Story Source:

The above story is based on materials provided by Clemson University. Note: Materials may be edited for content and length.


Journal Reference:

  1. Joseph P. Mazer, Andrew M. Ledbetter. Online Communication Attitudes as Predictors of Problematic Internet Use and Well-Being Outcomes. Southern Communication Journal, 2012; 77 (5): 403 DOI: 10.1080/1041794X.2012.686558

Cite This Page:

Clemson University. "Online attitudes predict individuals' compulsive and excessive Internet use and poor well-being." ScienceDaily. ScienceDaily, 9 October 2012. <www.sciencedaily.com/releases/2012/10/121009131507.htm>.
Clemson University. (2012, October 9). Online attitudes predict individuals' compulsive and excessive Internet use and poor well-being. ScienceDaily. Retrieved January 25, 2015 from www.sciencedaily.com/releases/2012/10/121009131507.htm
Clemson University. "Online attitudes predict individuals' compulsive and excessive Internet use and poor well-being." ScienceDaily. www.sciencedaily.com/releases/2012/10/121009131507.htm (accessed January 25, 2015).

Share This


More From ScienceDaily



More Computers & Math News

Sunday, January 25, 2015

Featured Research

from universities, journals, and other organizations


Featured Videos

from AP, Reuters, AFP, and other news services

How Technology Is Ruining Snow Days For Students

How Technology Is Ruining Snow Days For Students

Newsy (Jan. 25, 2015) — More schools are using online classes to keep from losing time to snow days, but it only works if students have Internet access at home. Video provided by Newsy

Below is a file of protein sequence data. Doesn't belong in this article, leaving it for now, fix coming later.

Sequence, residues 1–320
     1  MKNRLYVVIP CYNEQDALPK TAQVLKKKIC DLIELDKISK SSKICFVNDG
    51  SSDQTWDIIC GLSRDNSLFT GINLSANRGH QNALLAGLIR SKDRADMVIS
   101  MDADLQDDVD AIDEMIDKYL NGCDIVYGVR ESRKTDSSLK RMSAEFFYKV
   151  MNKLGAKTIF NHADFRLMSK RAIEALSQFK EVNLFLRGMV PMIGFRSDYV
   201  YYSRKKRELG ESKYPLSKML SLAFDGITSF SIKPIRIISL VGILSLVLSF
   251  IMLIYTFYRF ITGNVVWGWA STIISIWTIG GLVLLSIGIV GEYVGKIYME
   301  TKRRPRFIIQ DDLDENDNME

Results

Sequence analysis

Powered by NewsLook.com
Sundance Films Tap Into Virtual Reality

Sundance Films Tap Into Virtual Reality

Newsy (Jan. 25, 2015) — Virtual reality headsets offer more experiences for viewers and filmmakers at the Sundance Film Festival. Video provided by Newsy
Powered by NewsLook.com
No, A Google Exec Did Not Predict An Internet Apocalypse

No, A Google Exec Did Not Predict An Internet Apocalypse

Newsy (Jan. 24, 2015) — Earlier this week, a Google exec made headlines for saying "the Internet will disappear," but that doesn&apos;t quite mean what it sounds like. Video provided by Newsy
Powered by NewsLook.com
Tim Cook Made 8 Times Less Than Another Apple Exec In 2014

Tim Cook Made 8 Times Less Than Another Apple Exec In 2014

Newsy (Jan. 23, 2015) — Tim Cook&apos;s total compensation more than doubled in 2014 to $9.2 million, but his pay was still less than four other Apple executives. Video provided by Newsy
Powered by NewsLook.com

Search ScienceDaily

Number of stories in archives: 140,361

Find with keyword(s):
 
Enter a keyword or phrase to search ScienceDaily for related topics and research stories.

Save/Print:
Share:  

Breaking News:

Strange & Offbeat Stories

 

Space & Time

Matter & Energy

Computers & Math

In Other News

... from NewsDaily.com

Science News

Health News

Environment News

Technology News



Save/Print:
Share:  

Free Subscriptions


Get the latest science news with ScienceDaily's free email newsletters, updated daily and weekly. Or view hourly updated newsfeeds in your RSS reader:

Get Social & Mobile


Keep up to date with the latest news from ScienceDaily via social networks and mobile apps:

Have Feedback?


Tell us what you think of ScienceDaily -- we welcome both positive and negative comments. Have any problems using the site? Questions?
Mobile iPhone Android Web
Follow Facebook Twitter Google+
Subscribe RSS Feeds Email Newsletters
Latest Headlines Health & Medicine Mind & Brain Space & Time Matter & Energy Computers & Math Plants & Animals Earth & Climate Fossils & Ruins